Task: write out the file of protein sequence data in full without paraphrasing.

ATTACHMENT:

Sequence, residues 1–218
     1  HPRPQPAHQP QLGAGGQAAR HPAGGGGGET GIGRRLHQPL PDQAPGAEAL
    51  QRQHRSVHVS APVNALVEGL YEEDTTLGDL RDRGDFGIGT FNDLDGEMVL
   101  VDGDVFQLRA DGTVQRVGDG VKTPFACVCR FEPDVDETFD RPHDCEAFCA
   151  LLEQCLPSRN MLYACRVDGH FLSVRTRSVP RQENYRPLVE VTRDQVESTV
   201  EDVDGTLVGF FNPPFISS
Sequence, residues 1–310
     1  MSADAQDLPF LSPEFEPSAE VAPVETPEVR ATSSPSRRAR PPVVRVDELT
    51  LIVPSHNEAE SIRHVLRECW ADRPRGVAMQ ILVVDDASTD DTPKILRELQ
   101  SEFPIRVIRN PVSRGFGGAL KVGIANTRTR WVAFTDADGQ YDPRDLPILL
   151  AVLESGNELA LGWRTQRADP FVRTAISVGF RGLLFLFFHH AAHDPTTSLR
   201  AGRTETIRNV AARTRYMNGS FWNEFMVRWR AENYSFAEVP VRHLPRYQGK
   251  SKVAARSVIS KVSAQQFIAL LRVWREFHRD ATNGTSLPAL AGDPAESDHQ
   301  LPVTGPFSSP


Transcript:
Sequence, residues 1–218
     1  HPRPQPAHQP QLGAGGQAAR HPAGGGGGET GIGRRLHQPL PDQAPGAEAL
    51  QRQHRSVHVS APVNALVEGL YEEDTTLGDL RDRGDFGIGT FNDLDGEMVL
   101  VDGDVFQLRA DGTVQRVGDG VKTPFACVCR FEPDVDETFD RPHDCEAFCA
   151  LLEQCLPSRN MLYACRVDGH FLSVRTRSVP RQENYRPLVE VTRDQVESTV
   201  EDVDGTLVGF FNPPFISS
Sequence, residues 1–310
     1  MSADAQDLPF LSPEFEPSAE VAPVETPEVR ATSSPSRRAR PPVVRVDELT
    51  LIVPSHNEAE SIRHVLRECW ADRPRGVAMQ ILVVDDASTD DTPKILRELQ
   101  SEFPIRVIRN PVSRGFGGAL KVGIANTRTR WVAFTDADGQ YDPRDLPILL
   151  AVLESGNELA LGWRTQRADP FVRTAISVGF RGLLFLFFHH AAHDPTTSLR
   201  AGRTETIRNV AARTRYMNGS FWNEFMVRWR AENYSFAEVP VRHLPRYQGK
   251  SKVAARSVIS KVSAQQFIAL LRVWREFHRD ATNGTSLPAL AGDPAESDHQ
   301  LPVTGPFSSP